"We tried to stay contemporary in our design, but make the building a close relative of the mills that were built in the Ozark woods," says Peter Kuttner, FAIA, president and principal-in-charge, C7A. "A dominant concern was controlling the amount of daylight in order not to throw off the museum's ambient temperature or the algae growth in the ponds. Beyond that, the building is sculpted to match the experience inside. In truth, though, visitors aren't meant to feel like they are in a building at all, but actually walking through the woods."
The main feature of Wonders of Wildlife is, in fact, called "Walk through the Woods." This 300-foot-long slice of a Missouri habitat is experienced on a suspended walkway, which includes a lengthy rope bridge and begins at treetop level where birds fly above a meandering river. Along the walkway, people can stop at perches to observe the wildlife around them, such as ducks, geese and turkeys. All of the trees along the way are artificial; some have small doors that can be opened to reveal the tree's rings or even a termite colony. Aside from introducing visitors to life in the woods, the exhibits demonstrate the vital role of hunters and fishers in the support of conservation efforts.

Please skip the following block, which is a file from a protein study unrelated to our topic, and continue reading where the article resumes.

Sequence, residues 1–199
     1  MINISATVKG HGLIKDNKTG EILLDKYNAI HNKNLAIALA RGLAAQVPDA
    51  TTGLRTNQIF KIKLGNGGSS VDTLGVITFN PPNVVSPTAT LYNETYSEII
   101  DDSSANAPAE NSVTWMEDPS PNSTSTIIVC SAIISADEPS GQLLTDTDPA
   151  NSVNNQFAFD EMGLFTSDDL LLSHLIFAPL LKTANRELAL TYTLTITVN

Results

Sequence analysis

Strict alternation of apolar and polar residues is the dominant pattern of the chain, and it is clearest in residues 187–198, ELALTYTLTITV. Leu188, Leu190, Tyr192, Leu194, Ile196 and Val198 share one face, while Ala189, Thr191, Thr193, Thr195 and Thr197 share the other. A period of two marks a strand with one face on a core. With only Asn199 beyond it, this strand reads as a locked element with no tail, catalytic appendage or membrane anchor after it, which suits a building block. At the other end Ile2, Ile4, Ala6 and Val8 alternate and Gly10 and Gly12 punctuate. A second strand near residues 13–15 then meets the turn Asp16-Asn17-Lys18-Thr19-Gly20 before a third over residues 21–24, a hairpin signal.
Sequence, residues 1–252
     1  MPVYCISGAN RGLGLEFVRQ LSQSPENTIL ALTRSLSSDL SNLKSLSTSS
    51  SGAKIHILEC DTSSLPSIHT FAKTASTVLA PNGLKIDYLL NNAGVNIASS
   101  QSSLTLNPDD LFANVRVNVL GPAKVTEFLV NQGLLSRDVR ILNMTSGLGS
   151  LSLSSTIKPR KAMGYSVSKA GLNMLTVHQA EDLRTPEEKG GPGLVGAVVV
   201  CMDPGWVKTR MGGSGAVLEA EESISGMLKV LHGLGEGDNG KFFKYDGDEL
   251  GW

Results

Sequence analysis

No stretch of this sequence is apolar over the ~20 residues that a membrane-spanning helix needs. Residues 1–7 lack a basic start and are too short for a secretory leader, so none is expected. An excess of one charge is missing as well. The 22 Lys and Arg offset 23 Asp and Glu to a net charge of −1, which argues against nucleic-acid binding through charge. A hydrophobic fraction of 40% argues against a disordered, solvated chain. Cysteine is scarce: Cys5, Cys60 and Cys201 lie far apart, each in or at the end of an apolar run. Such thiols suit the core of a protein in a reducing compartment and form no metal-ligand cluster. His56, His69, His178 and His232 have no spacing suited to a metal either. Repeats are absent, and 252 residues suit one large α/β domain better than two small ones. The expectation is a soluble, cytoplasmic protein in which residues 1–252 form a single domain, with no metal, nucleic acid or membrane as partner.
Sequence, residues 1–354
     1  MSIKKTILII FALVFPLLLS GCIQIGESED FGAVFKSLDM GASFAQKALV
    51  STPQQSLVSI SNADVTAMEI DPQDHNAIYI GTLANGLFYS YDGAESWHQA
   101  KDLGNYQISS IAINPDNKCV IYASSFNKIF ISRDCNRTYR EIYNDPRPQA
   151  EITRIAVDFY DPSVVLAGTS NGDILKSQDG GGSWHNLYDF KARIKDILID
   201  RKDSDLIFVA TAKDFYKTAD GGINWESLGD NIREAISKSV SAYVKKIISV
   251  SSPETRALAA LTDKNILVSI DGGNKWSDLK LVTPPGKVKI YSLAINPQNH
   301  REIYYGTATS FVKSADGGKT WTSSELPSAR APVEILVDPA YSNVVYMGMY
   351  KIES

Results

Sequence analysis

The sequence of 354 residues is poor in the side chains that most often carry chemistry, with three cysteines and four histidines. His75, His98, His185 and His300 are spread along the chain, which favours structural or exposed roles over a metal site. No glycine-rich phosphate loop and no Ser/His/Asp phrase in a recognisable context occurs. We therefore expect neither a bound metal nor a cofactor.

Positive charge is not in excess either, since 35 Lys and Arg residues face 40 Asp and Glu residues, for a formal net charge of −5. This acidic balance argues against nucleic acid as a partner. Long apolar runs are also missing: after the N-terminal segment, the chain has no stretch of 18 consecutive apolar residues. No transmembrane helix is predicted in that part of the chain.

Audible from the walkway is the sound of the museum's 20-foot waterfall in the Ozark Hills habitat. Here, limestone bluffs and caves surround a deep 140,000-gallon freshwater tank that depicts a typical mountain pond filled with bass, beavers, river otter and other fish. To one side, a bobcat lives in a rocky cliff. The Otter Pool gives an up-close look of play below the surface through special viewing windows. Side galleries explain the role hunters and fisherman play in conservation of natural habitats, describe the predator/prey relationship and contain dioramas of large North American mammals.
"Cave-like openings draw people into the side galleries," says Kuttner. "So, they move from the main habitat where the animals and fish are alive, to spaces where animatronics and taxidermy help to explain the relationships that exist in nature. Most of the taxidermy was a donation to the museum from Mr. Morris."